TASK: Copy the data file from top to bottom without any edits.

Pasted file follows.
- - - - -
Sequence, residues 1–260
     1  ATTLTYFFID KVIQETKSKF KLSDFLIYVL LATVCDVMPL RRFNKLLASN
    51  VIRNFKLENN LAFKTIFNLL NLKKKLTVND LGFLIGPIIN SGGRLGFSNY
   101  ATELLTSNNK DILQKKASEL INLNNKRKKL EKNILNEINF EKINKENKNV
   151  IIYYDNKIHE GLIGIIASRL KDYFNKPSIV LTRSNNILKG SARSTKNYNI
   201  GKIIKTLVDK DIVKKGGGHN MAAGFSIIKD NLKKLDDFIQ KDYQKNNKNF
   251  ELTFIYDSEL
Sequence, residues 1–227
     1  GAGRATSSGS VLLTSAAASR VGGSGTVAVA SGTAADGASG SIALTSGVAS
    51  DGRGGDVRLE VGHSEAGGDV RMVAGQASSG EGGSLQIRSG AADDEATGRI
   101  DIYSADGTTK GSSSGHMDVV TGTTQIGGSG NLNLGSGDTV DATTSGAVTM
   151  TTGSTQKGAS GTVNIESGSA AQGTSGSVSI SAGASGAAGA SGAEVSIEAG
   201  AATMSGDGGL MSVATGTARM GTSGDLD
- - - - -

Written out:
Sequence, residues 1–260
     1  ATTLTYFFID KVIQETKSKF KLSDFLIYVL LATVCDVMPL RRFNKLLASN
    51  VIRNFKLENN LAFKTIFNLL NLKKKLTVND LGFLIGPIIN SGGRLGFSNY
   101  ATELLTSNNK DILQKKASEL INLNNKRKKL EKNILNEINF EKINKENKNV
   151  IIYYDNKIHE GLIGIIASRL KDYFNKPSIV LTRSNNILKG SARSTKNYNI
   201  GKIIKTLVDK DIVKKGGGHN MAAGFSIIKD NLKKLDDFIQ KDYQKNNKNF
   251  ELTFIYDSEL
Sequence, residues 1–227
     1  GAGRATSSGS VLLTSAAASR VGGSGTVAVA SGTAADGASG SIALTSGVAS
    51  DGRGGDVRLE VGHSEAGGDV RMVAGQASSG EGGSLQIRSG AADDEATGRI
   101  DIYSADGTTK GSSSGHMDVV TGTTQIGGSG NLNLGSGDTV DATTSGAVTM
   151  TTGSTQKGAS GTVNIESGSA AQGTSGSVSI SAGASGAAGA SGAEVSIEAG
   201  AATMSGDGGL MSVATGTARM GTSGDLD